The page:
Drivers at the largest food service distributor in New England are on strike, interrupting deliveries to hospitals, colleges, retirement homes, sports facilities, and restaurants around the region. About 300 union drivers walked off the job at the Sysco Boston warehouse in Plympton starting Saturday at midnight, demanding wage increases for all workers, a revived pension plan, and the assurance that they can remain on the Teamsters Local 653 health insurance plan.
The scope of the disruption is unclear so far. Normally, about 140 trucks go out a day, each carrying between 19,000 and 40,000 pounds of food, union officials said, but only a few dozen of those deliveries had been made by replacement drivers as of midday Monday. Some customers were coming to the warehouse in Plympton to pick up orders themselves. Sysco Boston serves Fenway Park, TD Garden, Gillette Stadium, Cumberland Farms, Wahlburgers, Jersey Mike’s Subs, and many other customers in Massachusetts, New Hampshire, and Rhode Island, the union said. The warehouse stocks 13,000 products for restaurant and food service customers, according to the company’s website.
The St. Raphael Parish School in Medford sent out a note to families noting that the Wednesday lunch menu would be changed from hot dogs to turkey and cheese sandwiches due to the Sysco work stoppage. A Fenway Park spokeswoman said there had been no issues related to the strike.
Sysco said that it had offered a wage increase of 25 percent over the life of the contract, noting that drivers in Boston are on track to earn an average of nearly $110,000 this year, and also proposed a company health care plan that was more affordable than what workers currently have. Workers weren’t allowed to vote on the offer before a strike was declared, the company said.
Sysco drivers in Syracuse are also on strike, and the company said both locations were operating with third-party support.
“The work stoppages at these companies is unnecessary and union leaders have taken this action with little regard for the damage it will cause to our associates and our customers,” the company said in a statement. “We respect and care about our associates and truly value the critical role they play every day.”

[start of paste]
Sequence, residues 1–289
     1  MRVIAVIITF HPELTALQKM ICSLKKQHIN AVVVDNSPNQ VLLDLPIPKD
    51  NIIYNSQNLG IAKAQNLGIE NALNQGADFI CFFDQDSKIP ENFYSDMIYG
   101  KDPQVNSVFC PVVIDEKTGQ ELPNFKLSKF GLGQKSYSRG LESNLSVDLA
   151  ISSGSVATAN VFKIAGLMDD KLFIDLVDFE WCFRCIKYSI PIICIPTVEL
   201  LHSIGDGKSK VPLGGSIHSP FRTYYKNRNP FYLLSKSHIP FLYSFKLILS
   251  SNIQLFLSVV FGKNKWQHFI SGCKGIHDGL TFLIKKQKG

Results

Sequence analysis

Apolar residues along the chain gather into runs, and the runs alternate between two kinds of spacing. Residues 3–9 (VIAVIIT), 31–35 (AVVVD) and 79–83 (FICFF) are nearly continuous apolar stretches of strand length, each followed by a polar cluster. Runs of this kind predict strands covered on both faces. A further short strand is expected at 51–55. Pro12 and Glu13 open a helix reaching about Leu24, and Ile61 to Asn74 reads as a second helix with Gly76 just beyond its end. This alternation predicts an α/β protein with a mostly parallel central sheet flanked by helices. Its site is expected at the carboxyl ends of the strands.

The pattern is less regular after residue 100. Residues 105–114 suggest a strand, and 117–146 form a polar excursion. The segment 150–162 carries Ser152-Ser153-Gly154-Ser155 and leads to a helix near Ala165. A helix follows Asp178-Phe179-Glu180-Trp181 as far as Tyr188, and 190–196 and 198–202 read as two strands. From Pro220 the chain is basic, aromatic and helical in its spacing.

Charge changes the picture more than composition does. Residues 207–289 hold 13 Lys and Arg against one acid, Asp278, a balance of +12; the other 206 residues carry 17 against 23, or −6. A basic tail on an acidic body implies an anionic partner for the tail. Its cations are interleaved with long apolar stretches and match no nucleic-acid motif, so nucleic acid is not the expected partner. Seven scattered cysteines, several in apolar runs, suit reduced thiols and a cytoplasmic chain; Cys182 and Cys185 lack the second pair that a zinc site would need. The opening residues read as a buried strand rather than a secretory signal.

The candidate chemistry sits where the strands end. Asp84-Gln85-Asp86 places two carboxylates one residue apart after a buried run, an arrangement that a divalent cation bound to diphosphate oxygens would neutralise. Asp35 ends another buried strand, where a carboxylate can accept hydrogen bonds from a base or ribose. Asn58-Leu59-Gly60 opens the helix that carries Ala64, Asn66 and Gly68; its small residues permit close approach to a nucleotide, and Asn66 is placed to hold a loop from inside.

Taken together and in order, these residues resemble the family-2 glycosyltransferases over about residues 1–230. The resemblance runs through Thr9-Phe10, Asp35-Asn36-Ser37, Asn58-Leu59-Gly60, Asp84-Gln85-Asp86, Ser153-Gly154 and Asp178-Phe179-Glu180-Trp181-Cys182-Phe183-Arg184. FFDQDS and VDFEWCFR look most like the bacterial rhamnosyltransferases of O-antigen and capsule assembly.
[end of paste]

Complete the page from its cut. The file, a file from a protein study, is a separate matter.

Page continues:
Michael Clark, Local 653 secretary-treasurer, said the wage increase was only offered to Class A drivers who operate tractor-trailers, who make up the majority of drivers, not to the approximately 50 Class B, shuttle, and van drivers. Sysco was also proposing that the drivers leave the union’s health insurance and revert to the company’s plan, Clark said, noting that the company’s copays were so high, “if you got sick you were going bankrupt.” The union is also demanding pensions for drivers, which the company did away with about 10 years ago, Clark said.
“It seemed to me their last, best, and final offer was just a big middle finger,” he said. “They weren’t taking us seriously.”
Rather than call workers in to vote on an “absolutely ridiculous” offer, Clark said, a secret ballot was taken to give the bargaining committee the authority to declare a strike.
The striking workers deserve to have a pension and decent health insurance considering the physically taxing work they do unloading tens of thousands of pounds of food a day, said Local 653 organizer Bryan Voci who was a Sysco driver for five years.
“A lot of these guys are broken by the time they’re 60,” Voci said. “We’re not going to be bullied into a weak contract just because [the company wants] to keep getting richer.”
Workers also deserve shorter days, said driver Daniel Rivera, 36, who often starts work around 3 or 4 a.m. and doesn’t get home until 7 or 8 p.m. Even though drivers are capped at 70 hours of drive time a week, he said, they often work longer helping other drivers. Rivera, who lives in Middleborough, has four children who are sometimes aren’t awake when he leaves and asleep again by the time he gets home. “Some days, I don’t see them,” he said.
A meeting between the union and the company is scheduled for Wednesday.
Diti Kohli of the Globe staff contributed to this report.